• Avish Sood

How Telecom Giants in the US and Canada Are Supporting The Public During The COVID-19 Outbreak

With businesses and schools closed and thousands of residents now working from home, we wanted to highlight the way telecommunications companies are supporting the public.


The initiatives from US carriers have come as Federal Communications Commission Chairman Ajit Pai introduced a new broadband and telecom industry measure on Friday called the "Keep Americans Connected Pledge", designed to rein in any potential abuses from US internet service providers during the ongoing novel coronavirus pandemic.


The pledge, which is for the next 60 days, asks that companies not terminate service for residential or small business customers, waive any late fees incurred due to the economic effects of the virus, and open access to public Wi-Fi hotspots to “any American who needs them.”


AT&T

AT&T has promised not to terminate the service of any wireless, home phone or broadband residential or small business customer because of their inability to pay their bill due to disruptions caused by the coronavirus pandemic. They will also waive any late payment fees that any wireless, home phone or broadband residential or small business customer may incur because of economic hardship related to the coronavirus pandemic. Keep our public Wi-Fi hotspots open for any American who needs them.


For those unable to pay their bill, AT&T asks that customers call 800-288-2020 to see if they are eligible for relief.


Verizon

Verizon will be holding off an on any late fees and disconnections. The company has decided to not terminate service to any residential or small business customers because of their inability to pay their bills due to disruptions caused by the coronavirus. Verizon offers its customers a variety of wireless and home broadband plans, as well as a suite of global IP-network services. Verizon does not have data caps on its Fios home, 5G Home and DSL home broadband services, or on its wireline business broadband services. Most of the company’s wireless customers are on unlimited wireless plans, but customers who are not, are encouraged to connect to Wi-Fi hotspots whenever available. The company is pledging to use the power of connectivity now to help keep the nation’s economy moving forward.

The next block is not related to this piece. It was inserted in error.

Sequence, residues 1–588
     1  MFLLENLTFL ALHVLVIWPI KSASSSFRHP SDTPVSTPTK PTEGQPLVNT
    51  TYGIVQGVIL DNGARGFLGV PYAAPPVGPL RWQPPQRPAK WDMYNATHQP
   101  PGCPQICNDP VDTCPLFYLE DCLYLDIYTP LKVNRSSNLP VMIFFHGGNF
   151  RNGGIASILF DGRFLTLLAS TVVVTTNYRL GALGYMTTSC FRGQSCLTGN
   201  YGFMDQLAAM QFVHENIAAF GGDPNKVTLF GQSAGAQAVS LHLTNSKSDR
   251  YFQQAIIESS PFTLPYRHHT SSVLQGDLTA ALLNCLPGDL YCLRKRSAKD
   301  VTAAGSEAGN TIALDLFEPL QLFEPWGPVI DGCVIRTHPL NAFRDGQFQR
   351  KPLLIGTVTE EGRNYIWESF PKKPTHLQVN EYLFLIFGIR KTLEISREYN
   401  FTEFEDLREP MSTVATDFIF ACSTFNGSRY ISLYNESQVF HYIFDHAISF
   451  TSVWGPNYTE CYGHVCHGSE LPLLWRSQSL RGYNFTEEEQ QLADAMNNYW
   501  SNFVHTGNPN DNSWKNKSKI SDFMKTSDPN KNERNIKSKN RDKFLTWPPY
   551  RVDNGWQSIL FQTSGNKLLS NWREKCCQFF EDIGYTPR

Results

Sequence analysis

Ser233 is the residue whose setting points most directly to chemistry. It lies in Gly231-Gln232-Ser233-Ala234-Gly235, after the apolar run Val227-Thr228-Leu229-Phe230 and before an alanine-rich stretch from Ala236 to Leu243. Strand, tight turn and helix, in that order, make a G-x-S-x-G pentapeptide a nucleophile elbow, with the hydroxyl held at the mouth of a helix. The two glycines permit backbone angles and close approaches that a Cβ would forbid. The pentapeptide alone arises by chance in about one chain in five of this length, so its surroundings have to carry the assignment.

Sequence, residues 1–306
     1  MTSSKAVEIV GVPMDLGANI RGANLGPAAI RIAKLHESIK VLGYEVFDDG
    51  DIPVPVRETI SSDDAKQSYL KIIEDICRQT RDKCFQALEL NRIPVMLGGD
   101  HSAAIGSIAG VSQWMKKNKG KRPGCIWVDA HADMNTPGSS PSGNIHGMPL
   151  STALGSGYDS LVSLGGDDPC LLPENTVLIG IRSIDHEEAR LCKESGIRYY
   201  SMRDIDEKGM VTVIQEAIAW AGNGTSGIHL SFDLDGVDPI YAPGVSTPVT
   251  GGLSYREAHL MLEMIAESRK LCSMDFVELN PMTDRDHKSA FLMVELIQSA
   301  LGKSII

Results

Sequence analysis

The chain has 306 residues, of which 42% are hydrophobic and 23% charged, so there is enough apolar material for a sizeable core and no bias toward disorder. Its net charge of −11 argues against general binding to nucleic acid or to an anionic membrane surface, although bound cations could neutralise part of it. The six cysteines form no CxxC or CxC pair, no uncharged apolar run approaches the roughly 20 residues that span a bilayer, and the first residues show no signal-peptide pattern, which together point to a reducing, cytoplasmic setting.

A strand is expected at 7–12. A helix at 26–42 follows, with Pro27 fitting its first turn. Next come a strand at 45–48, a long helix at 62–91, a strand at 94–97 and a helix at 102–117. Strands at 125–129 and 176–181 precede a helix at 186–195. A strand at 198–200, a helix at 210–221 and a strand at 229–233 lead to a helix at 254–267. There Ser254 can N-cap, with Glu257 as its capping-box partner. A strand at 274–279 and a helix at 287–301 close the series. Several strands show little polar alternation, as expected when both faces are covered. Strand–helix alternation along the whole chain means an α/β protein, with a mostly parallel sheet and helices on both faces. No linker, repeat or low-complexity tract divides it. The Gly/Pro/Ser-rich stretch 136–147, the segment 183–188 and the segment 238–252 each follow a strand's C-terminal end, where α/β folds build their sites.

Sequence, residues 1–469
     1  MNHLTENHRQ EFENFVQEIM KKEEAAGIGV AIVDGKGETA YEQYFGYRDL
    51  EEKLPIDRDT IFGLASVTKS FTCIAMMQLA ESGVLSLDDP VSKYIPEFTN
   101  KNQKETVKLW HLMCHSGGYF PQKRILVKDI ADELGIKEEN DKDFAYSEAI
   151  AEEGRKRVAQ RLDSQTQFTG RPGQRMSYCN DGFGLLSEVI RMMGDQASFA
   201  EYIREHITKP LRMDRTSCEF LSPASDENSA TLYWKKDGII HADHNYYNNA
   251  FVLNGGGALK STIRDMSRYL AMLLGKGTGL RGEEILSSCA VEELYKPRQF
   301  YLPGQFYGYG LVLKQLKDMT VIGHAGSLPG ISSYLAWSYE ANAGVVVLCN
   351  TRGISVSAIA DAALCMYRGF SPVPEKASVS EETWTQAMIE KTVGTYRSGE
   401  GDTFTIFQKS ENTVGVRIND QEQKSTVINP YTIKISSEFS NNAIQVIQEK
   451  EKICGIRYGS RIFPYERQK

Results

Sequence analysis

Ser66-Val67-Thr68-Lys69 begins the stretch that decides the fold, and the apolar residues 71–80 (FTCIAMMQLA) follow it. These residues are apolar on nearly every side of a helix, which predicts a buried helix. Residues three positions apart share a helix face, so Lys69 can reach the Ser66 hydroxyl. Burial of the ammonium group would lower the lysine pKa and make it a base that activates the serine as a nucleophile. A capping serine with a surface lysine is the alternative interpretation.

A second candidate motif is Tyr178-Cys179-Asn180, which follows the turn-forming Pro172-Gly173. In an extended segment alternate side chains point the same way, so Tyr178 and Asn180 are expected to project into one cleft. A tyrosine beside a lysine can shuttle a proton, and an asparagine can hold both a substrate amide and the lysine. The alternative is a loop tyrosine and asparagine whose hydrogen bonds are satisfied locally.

T-Mobile

All current subscribers will be provided with unlimited smartphone data. T-Mobile will be offering free international calling for all T-Mobile and Metro by T-Mobile customers to level 3 impacted countries. All current customers who have plans with data will have unlimited smartphone data for the next 60 days (excluding roaming) as well as an additional 20GB of mobile hotspot / tethering service for the next 60 days.


They have also mentioned they are working with their Lifeline partners to provide customers extra free data up to 5GB of data per month over the next two months. Maybe, most importantly, they are increasing the data allowance for free to schools and students using their EmpowerED digital learning programs to ensure each participant has access to at least 20GB of data per month for the next 60 days.


SPRINT

Sprint said subscribers would have unlimited data for 60 days. If people are unable to pay their Sprint bill because of the coronavirus, late fees will be waived. Customers with metered data plans will receive unlimited data per month for 60 days (a minimum of two bill cycles) at no extra cost. They will also be providing customers with an additional 20GB of mobile hotspot data per month for 60 days (a minimum of two bill cycles) at no extra cost. Customers with mobile hotspot-capable handsets who don’t have mobile hotspot today will now get 20GB as well per month for 60 days (a minimum of two bill cycles) at no extra cost.


Bell (Canada)

In a statement issued Saturday, Bell Canada, which owns CTV News, announced it will waive any additional usage fees for residential internet customers, including Bell Aliant, Bell MTS and Virgin Home Internet services, until the end of April. “Any overage fees will be waived automatically, so customers don’t need to make any changes to their accounts,” the company said.


Telus (Canada)

On Friday, Telus said it would waive additional home internet charges through the end of April, noting that it plans to provide flexible payment options for customers facing financial challenges due to the COVID-19 outbreak.


Rogers (Canada)

While Rogers said the majority of its home and business customers already have unlimited data, the company will also waive overage fees on other residential plans due to the public health situation.


"We know how important it is for our customers to stay connected, and we are temporarily removing data usage caps for our customers on limited home internet plans until May 31, 2020, so they can stream, surf and connect without worrying about home internet overages," the company said on its website.

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